The clearing and deforestation of large plots of land to increase the agricultural surface area change humus composition and soil formation. This is because of varied primitive vegetation being replaced by secondary vegetation (monoculture being the extreme).

Tillage destroys superior layers of soil as well as the layer of humus and can even cause a plough sole (lower layer of compact land) to form because of ploughs regularly passing through soil at the same depth. Farming equipment also contributes to soil compaction especially when it weighs more than 5 tons.

Irrigation and soil drainage can cause soil acidification and salination whilst the use of chemical fertilisers and pesticides contributes to reducing soil capillarity (runoff) as well as its consistency. Irrigation in the Aral basin caused the salination and flooding of soils (this can be attributed to canals not being covered and bad drainage). It also famously caused the Aral Sea to dry out.

By threatening the productive capacity and/or reproduction of vegetation, overgrazing strips soils thus making them more vulnerable to hydraulic erosion (this is the case for 56% of soil degradation) and wind erosion (28% of cases).

In urban areas, pollutants such as heavy metals which are dumped can affect soils, just as old industrial sites sometimes leave behind waste land with severely polluted soils.

The consequences

According to Lester Brown, a third of all cultivated land is losing its arable layers faster than it is gaining them and this lessens its productivity. Brown noted that one of the factors that can explain the collapse of certain civilisations, like the Mayas, is the erosion of land which leads to less food being produced.

Soil transformation leads to a change in water quality, especially when soil particles are washed into waters thus increasing their turbidity and their phosphorous and nitrogen content. [See debate]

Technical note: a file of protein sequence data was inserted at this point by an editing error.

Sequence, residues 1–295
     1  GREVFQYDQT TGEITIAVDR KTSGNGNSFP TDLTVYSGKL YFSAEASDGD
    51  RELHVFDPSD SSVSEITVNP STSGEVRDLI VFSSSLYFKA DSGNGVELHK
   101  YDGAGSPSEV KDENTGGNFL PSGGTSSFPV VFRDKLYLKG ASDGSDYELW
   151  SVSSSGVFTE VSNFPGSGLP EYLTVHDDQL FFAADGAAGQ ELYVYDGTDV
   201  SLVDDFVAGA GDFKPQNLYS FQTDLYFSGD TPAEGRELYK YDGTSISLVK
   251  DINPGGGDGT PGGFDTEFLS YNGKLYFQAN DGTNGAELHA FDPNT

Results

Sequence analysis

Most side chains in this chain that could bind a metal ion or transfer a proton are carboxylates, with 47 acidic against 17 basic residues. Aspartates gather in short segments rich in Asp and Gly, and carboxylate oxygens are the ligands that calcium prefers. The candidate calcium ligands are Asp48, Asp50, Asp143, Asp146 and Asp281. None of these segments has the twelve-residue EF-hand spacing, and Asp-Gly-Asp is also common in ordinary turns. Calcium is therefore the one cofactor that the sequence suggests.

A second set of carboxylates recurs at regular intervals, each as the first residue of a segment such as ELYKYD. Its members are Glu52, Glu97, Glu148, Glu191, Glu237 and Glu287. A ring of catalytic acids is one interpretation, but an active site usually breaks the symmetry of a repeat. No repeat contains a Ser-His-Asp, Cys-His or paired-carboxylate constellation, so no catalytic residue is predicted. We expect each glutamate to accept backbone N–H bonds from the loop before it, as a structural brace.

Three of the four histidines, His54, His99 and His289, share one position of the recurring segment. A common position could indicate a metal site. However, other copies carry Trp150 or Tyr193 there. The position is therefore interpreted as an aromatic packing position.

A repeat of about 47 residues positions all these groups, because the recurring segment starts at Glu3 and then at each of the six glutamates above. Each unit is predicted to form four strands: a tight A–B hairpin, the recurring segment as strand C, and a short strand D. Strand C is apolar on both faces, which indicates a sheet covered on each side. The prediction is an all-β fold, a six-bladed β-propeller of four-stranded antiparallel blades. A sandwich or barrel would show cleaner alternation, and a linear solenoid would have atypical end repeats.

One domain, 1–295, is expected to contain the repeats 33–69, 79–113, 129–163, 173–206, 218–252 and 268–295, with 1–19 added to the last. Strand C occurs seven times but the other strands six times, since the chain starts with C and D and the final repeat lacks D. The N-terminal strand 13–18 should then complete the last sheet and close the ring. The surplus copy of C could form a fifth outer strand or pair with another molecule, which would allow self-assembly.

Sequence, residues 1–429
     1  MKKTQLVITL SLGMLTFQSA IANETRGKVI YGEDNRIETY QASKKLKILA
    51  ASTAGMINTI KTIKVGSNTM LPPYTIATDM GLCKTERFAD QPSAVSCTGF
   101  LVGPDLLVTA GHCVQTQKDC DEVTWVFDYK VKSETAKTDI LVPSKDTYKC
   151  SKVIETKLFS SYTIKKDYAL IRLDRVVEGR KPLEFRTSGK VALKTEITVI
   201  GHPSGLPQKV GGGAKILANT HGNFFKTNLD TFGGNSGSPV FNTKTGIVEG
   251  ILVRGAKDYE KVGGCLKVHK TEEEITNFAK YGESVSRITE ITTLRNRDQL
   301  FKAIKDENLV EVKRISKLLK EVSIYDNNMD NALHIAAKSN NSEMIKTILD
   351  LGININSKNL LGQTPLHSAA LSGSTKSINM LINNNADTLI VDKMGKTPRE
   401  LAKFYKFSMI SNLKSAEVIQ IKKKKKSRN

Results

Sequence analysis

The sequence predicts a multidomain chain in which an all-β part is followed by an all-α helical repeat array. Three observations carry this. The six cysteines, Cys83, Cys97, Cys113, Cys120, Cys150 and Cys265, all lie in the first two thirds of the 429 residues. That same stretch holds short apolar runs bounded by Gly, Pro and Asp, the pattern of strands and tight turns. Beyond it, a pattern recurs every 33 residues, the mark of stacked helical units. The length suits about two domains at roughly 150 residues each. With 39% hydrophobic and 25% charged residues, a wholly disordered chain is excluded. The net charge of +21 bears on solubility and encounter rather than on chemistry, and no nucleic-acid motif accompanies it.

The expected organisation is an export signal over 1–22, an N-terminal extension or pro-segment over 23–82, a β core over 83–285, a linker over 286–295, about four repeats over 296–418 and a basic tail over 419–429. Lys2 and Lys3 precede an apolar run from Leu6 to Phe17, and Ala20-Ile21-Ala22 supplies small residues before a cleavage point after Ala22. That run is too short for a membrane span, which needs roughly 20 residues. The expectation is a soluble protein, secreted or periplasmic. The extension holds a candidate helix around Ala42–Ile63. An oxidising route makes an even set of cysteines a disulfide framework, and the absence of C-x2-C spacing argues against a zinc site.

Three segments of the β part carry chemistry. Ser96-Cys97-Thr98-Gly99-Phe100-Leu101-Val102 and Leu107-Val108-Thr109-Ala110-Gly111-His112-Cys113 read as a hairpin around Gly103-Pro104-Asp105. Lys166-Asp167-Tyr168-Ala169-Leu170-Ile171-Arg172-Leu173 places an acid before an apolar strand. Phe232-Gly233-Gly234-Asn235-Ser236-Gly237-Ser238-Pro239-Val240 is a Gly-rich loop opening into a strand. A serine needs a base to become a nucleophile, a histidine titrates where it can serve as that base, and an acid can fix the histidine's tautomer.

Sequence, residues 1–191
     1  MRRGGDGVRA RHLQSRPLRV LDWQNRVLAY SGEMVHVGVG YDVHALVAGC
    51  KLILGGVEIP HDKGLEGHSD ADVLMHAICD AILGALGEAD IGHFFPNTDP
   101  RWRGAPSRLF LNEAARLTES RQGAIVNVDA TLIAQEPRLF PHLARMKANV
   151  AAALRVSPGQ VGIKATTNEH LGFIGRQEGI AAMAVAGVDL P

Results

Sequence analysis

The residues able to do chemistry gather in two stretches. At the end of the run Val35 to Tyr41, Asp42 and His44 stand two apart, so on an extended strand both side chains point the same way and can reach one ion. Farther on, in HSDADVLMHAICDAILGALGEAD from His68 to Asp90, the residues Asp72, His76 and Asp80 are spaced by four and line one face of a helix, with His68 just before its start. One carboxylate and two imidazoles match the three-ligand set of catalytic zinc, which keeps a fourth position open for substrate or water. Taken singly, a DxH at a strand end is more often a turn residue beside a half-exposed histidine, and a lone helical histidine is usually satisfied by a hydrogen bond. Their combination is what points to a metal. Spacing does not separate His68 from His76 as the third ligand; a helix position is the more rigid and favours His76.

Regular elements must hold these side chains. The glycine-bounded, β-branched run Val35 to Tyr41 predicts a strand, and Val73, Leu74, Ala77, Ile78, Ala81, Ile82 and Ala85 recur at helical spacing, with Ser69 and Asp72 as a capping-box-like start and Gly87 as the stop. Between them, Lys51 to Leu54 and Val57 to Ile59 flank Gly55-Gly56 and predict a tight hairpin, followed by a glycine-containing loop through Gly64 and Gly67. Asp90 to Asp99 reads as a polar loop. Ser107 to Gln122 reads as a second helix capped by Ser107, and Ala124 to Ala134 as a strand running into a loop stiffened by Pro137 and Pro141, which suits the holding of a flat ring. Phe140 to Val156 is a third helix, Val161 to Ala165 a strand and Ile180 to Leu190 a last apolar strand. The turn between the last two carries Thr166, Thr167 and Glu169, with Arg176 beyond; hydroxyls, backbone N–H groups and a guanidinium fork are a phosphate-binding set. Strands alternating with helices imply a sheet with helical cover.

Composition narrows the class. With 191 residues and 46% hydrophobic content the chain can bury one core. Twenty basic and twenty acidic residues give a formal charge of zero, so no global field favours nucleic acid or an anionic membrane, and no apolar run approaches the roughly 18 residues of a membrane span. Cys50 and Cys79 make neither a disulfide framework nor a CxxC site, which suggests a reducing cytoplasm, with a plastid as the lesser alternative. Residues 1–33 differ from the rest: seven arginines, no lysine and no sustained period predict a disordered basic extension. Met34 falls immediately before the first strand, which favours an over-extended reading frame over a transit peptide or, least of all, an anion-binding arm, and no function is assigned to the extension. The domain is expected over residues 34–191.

Using pesticides and chemical fertilisers destroys soil fauna which is necessary for aerating soil. The well-known consequence of this phenomenon is soil runoff which causes floods and mudslides.

Wind erosion which has been worsened by overgrazing and tillage in some cases, causes dust storms like in the USSR in 1960 or in Africa where 2 to 3 billion tons of soil particles leave the continent every year, thus gradually wearing away the soil’s fertility.

By changing the composition and structure of soils, agriculture makes it more difficult for CO2 to be stocked in soil. Indeed, the conversion of meadows, forests and peat bogs into crops significantly reduces the amount of pedological carbon storage in soil.

As well as the loss of biodiversity (climax vegetation and environmental habitats) which comes with soil degradation and regression, there are also effects on climate change, especially through changes in the albedo on a local level and greenhouse gas emissions such as methane and nitrous oxide (soil asphyxiation).

ISRIC World Soil Information

– FAO – La séquestration du carbone dans le sol

– Worldwatch Institute – Vital Signs 2007-2008

– Earth Policy Institute

– FAO Wolrd Food Summit

– Base de données des sols pollués en France

– European Environment Agency

– European Environment Agency – Soil degradation and sustainable development

– Brown, L. (2001) Eco-Economy: Building an Economy for the Earth. W.W. Norton & Co., New York

– Scherr, S. J. (1999) Soil Degradation. A Threat to Developing-Country Food Security by 2020? International Food Policy Research Institute, Washington, DC

– Cummings, D. (1999) What is soil degradation? Department of Sustainability and Environment, Victoria, Australia